Re: Language Design

tm <>
Wed, 27 Jul 2011 08:11:59 -0700 (PDT)

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From: tm <>
Newsgroups: comp.compilers
Date: Wed, 27 Jul 2011 08:11:59 -0700 (PDT)
Organization: Compilers Central
References: 11-07-027
Keywords: design
Posted-Date: 27 Jul 2011 16:49:42 EDT

On 18 Jul., 22:16, Billy Mays
<> wrote:
> I am trying to design a programming language for a simple processor
> (16 bit, ~10 instructions, 16 registers).

You are trying to do two things simultaneously: Designing a language
and implementing it for a processor. I suggest you concentrate on one
part. Either implement an existing language, like C, for this
processor, or design a language and forget about the processor.

When you implement an existing language you can build on the work of
others. Perhaps you can modify an existing compiler and use existing
libraries and documentation. Writing a runtime library is usually
much more work than writing a compiler. For an existing language you
can also expect to find helping hands and useful information in the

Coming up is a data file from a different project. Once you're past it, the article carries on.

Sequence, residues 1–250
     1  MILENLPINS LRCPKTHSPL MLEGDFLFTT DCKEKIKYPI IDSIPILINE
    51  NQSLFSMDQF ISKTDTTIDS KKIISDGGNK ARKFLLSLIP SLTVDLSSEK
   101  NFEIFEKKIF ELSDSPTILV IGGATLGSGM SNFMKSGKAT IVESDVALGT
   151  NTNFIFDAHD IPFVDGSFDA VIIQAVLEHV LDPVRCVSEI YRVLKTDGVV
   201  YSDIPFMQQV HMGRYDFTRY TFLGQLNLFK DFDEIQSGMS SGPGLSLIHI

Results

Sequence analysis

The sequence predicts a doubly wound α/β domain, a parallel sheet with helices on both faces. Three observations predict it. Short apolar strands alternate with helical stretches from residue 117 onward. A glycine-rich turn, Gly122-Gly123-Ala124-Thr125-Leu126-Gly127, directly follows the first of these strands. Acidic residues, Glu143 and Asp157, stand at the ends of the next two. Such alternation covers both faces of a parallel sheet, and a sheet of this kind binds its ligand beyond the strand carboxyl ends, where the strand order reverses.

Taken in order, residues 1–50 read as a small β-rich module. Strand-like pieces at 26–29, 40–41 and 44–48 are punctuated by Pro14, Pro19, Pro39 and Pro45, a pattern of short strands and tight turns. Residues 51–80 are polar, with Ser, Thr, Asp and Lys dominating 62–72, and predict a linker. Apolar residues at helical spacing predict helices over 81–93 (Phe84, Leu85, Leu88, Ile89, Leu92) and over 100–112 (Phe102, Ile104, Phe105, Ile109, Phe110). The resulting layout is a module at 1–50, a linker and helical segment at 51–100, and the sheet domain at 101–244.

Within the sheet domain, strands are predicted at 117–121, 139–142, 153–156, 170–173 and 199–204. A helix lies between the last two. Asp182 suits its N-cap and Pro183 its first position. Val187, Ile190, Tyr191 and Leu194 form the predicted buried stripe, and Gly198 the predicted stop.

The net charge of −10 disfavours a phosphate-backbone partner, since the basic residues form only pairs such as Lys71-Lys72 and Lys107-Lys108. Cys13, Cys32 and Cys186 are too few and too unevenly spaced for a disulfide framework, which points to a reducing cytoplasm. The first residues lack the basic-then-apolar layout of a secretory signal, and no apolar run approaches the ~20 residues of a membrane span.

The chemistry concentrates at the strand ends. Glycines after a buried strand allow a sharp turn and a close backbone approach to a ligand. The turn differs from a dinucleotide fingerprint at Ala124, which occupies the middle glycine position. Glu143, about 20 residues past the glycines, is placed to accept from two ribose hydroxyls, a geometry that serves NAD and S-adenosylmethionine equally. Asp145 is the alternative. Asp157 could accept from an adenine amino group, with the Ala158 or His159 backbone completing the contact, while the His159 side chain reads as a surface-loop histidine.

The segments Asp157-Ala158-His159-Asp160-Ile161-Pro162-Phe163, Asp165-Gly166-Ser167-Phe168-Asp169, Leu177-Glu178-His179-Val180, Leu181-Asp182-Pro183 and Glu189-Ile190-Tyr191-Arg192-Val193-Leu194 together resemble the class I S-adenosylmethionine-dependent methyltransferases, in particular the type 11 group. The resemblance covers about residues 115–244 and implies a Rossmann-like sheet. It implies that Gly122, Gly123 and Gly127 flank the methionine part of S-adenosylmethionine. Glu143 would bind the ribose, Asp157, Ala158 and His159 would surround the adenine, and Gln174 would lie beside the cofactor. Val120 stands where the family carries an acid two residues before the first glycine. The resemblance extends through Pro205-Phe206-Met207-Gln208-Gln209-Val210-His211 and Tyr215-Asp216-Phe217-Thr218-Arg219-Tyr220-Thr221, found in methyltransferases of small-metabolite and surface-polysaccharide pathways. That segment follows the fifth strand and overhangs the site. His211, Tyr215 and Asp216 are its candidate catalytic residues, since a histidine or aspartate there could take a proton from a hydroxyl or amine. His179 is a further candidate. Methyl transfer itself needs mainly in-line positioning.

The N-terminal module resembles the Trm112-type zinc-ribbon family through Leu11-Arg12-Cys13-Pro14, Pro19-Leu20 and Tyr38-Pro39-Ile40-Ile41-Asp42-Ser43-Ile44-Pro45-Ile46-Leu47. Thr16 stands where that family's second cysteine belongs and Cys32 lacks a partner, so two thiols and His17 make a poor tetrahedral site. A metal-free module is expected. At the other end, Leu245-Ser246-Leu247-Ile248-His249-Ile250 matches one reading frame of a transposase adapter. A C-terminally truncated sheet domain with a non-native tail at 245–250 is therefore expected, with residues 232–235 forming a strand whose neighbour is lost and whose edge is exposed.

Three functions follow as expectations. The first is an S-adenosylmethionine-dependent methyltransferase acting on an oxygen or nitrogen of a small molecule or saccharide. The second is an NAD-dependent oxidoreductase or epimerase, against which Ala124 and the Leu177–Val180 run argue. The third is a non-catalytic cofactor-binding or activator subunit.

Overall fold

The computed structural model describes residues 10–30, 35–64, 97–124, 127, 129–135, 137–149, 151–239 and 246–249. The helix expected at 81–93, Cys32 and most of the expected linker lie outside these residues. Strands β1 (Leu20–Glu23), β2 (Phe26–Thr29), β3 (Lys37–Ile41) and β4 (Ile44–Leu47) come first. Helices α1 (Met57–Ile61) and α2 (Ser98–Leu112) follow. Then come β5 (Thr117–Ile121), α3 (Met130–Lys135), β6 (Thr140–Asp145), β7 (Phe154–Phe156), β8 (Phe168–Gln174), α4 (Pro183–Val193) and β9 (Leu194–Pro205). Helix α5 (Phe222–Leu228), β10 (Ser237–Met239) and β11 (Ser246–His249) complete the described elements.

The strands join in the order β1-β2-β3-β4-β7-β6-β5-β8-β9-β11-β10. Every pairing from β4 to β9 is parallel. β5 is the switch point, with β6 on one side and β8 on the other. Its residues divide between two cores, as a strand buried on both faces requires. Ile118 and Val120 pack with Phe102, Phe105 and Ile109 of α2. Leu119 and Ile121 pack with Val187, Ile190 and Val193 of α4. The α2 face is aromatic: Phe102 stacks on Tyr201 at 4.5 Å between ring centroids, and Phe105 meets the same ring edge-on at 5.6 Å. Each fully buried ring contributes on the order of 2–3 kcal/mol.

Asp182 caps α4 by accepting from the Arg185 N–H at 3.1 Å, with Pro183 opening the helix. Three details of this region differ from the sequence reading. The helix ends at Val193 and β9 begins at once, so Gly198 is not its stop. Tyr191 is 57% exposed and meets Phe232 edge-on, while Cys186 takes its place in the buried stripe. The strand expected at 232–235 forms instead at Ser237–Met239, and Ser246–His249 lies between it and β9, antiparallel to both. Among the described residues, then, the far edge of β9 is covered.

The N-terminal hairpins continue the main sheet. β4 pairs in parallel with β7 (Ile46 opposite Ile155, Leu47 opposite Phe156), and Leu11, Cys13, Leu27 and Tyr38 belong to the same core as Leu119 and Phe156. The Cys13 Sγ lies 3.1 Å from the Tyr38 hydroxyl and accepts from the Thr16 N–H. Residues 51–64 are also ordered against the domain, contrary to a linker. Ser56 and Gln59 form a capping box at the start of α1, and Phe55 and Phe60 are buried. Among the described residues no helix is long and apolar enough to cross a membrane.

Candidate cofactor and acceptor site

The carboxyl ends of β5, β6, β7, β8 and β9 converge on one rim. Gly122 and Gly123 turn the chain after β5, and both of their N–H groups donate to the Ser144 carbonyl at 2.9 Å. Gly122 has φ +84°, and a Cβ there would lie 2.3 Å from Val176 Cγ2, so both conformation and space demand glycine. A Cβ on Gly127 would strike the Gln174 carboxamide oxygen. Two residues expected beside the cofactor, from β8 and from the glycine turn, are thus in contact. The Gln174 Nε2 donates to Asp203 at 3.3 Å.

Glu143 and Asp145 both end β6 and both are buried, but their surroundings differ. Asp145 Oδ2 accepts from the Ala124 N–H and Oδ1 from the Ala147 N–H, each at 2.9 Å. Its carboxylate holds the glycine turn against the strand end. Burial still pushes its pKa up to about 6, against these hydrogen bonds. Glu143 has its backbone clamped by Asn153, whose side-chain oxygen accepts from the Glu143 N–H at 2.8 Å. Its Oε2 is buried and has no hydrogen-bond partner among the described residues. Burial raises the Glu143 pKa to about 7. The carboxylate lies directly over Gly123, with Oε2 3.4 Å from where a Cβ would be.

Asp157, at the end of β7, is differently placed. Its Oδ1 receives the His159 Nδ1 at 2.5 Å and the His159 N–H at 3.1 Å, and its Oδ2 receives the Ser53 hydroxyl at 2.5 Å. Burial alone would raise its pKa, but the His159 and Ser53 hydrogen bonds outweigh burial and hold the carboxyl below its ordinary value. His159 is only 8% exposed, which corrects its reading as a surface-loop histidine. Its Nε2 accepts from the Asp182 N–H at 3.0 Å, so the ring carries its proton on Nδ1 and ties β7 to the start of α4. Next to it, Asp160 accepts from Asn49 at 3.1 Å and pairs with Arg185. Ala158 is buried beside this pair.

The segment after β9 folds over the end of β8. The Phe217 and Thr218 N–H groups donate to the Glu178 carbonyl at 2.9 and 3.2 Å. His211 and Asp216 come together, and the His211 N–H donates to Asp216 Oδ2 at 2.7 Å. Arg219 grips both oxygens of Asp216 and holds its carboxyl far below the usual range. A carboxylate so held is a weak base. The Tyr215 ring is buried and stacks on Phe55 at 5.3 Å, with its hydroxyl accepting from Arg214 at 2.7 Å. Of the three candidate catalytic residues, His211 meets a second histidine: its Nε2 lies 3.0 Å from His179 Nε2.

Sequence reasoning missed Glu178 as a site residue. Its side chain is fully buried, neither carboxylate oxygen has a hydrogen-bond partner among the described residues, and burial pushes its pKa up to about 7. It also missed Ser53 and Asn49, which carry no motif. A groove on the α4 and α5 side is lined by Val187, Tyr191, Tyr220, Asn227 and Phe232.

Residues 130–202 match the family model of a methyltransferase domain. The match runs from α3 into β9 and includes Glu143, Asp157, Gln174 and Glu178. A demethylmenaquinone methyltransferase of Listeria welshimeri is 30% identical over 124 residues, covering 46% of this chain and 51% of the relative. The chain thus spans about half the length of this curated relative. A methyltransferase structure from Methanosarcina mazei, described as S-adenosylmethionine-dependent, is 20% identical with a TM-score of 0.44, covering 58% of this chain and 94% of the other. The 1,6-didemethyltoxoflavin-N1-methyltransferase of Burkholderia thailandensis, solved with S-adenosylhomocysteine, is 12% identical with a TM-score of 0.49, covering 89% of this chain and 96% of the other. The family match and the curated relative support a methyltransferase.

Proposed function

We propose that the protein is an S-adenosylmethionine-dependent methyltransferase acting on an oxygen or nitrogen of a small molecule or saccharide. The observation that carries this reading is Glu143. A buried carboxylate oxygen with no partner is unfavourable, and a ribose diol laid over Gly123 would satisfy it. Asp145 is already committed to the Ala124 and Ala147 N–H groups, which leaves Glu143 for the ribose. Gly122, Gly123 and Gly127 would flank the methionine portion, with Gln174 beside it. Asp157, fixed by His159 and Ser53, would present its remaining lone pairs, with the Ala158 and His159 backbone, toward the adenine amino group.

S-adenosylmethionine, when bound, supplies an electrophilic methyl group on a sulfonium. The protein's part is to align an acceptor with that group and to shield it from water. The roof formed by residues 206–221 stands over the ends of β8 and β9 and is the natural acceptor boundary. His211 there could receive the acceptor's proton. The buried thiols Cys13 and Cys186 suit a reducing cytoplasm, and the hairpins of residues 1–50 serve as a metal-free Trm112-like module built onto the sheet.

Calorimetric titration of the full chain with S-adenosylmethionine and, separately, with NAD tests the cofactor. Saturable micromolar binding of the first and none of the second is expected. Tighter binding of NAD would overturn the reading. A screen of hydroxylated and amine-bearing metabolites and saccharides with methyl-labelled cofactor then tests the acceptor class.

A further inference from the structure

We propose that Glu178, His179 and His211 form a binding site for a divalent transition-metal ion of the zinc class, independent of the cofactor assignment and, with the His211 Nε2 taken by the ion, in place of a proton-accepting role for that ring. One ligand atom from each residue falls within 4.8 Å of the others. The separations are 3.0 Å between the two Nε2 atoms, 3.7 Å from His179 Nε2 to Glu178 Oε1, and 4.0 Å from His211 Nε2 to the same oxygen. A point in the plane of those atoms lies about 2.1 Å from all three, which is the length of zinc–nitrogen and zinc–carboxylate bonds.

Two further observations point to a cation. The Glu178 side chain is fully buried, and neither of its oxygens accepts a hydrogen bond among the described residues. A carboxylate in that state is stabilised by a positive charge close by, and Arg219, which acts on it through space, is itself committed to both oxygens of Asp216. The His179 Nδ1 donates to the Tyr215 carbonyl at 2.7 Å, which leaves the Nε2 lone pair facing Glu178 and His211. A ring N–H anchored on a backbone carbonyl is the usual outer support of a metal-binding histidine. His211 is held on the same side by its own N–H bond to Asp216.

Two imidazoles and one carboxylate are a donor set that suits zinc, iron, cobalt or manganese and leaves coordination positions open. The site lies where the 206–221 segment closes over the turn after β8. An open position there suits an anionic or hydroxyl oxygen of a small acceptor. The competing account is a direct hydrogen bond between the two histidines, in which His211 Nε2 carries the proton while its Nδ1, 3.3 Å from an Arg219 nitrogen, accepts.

When you design a language your implementation can use an interpreter
or you compile to some well known base, like C or JVM. This way you
can also build on the work of others.

Your language needs features, that are not present or not well
supported in other languages. Otherwise people will not be
interested. Getting other people interested might not be your goal,
but it can lead to helping hands (this was the reason, why I released

> Any advice for a newbie?

If you a relly a newbie, I suggest you start with a simpler project.

Greetings Thomas Mertes
Seed7 Homepage:
Seed7 - The extensible programming language: User defined statements
and operators, abstract data types, templates without special
syntax, OO with interfaces and multiple dispatch, statically typed,
interpreted or compiled, portable, runs under linux/unix/windows.

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